Compound feed


Getting more control over feed quality

Knowing the nutritional quality of the raw materials purchased at farm level and also those that are grown in the farm (eg silages) is now available for everyone. New technologies ensure that farmers can get control over the diets fed to their animals on a daily basis in order to make informative decisions that will impact their business.

Creating the perfect ration can help propel food-producing animals towards optimal nutrition, health and production, contributing to better usage of resources and sustainability. Origin and seasonality of raw materials can have a significant impact on nutritional profiles, making it challenging to know the actual quality of the product at the moment of feeding it to the animals. This can impact the performance of the animals and/or production costs putting at risk the business objectives of the farm or unit. Meanwhile, farmers and feed producers are dealing with price fluctuations of feed ingredients, due to market demands, increasing the pressure on profit margins as well.

Creating the perfect ration starts with the use of high quality raw materials.
Creating the perfect ration starts with the use of high quality raw materials.

Feed quality is key

Farm sizes have gone up in the past years, and continues to be a trend. This gives the opportunity for direct purchase / access to raw material to farms which introduces new challenges: farmers need to know what they buy from a nutritional value point of view in order to optimise feed cost and performance. When a good raw material quality monitoring system is in place at the farm or feed mill level, feed cost can be impacted significantly with savings between € 2 to 10 per tonne of feed on average. Although it is common practice for dairy farmers to work with raw materials and produce their own diets, some large pig or poultry farmers also started to produce their own feed themselves.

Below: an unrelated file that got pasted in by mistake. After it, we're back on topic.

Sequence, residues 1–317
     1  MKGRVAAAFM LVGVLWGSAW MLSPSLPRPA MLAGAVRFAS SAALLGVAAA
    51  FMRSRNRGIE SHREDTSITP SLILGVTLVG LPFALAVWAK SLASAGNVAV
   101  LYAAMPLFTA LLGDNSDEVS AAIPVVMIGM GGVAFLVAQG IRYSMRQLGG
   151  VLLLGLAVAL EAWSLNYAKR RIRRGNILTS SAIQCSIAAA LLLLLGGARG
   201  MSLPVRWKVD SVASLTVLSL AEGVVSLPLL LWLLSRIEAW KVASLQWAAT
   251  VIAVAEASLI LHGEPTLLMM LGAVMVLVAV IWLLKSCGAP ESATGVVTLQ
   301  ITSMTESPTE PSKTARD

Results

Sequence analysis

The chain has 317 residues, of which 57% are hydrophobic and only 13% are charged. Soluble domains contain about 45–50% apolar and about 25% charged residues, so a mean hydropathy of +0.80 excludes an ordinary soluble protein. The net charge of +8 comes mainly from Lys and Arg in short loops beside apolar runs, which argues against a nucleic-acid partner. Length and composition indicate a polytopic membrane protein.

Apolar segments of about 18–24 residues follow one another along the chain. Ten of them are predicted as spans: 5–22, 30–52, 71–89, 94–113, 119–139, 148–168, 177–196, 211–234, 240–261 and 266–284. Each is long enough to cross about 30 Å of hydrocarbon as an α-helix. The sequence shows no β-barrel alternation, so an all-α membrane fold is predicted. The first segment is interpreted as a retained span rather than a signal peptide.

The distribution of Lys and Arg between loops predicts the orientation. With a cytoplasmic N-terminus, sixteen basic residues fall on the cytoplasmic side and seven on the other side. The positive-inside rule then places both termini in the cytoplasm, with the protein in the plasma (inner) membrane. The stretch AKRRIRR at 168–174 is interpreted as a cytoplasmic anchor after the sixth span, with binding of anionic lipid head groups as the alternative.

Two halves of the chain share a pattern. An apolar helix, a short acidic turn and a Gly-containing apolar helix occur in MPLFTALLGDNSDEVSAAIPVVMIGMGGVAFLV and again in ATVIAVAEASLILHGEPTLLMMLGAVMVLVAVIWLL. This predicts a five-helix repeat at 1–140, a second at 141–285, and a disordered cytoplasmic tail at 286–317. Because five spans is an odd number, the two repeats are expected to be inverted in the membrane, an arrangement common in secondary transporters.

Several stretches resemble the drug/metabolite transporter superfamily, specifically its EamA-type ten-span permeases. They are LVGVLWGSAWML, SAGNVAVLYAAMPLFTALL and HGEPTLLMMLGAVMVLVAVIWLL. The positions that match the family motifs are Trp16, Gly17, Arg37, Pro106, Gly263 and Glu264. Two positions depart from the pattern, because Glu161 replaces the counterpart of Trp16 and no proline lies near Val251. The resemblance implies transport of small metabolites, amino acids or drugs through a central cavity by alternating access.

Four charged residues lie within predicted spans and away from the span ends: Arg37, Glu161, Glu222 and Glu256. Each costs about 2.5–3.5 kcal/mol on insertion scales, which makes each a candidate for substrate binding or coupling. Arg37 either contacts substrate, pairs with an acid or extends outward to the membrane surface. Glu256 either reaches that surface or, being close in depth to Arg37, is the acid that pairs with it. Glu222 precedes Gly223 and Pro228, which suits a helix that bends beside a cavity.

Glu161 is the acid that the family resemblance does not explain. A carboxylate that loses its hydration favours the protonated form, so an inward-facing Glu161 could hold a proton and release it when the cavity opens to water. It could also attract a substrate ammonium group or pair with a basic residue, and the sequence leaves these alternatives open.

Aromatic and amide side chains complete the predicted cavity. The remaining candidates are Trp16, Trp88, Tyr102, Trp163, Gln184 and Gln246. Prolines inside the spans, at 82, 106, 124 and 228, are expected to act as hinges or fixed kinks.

Overall, the diets have not changed so much, but the inclusion of new raw materials like by-products, has introduced new opportunities as well as challenges; as their quality is also variable. All of these changes in how and where the feed is produced demands that raw materials quality has to be monitored upon arrival in an easy way and everywhere you are. Having more clarity and control over the quality of the raw materials helps the farmer to select only the best feed ingredients for optimum performance. In other words, the farmer needs to know what he is feeding, instead of guessing or assuming that the quality is good enough. Any deviation from the nutrient targets specified by the nutritionist will impact the supply by underfeeding or overfeeding any nutrient. As a result, feed cost will go up or animal performance and/or health will be negatively affected. These economical losses are not perceived directly and are therefore often not taken into account.

Creating the perfect ration starts with the use of high quality raw materials. Photo: Hans Banus
Creating the perfect ration starts with the use of high quality raw materials. Photo: Hans Banus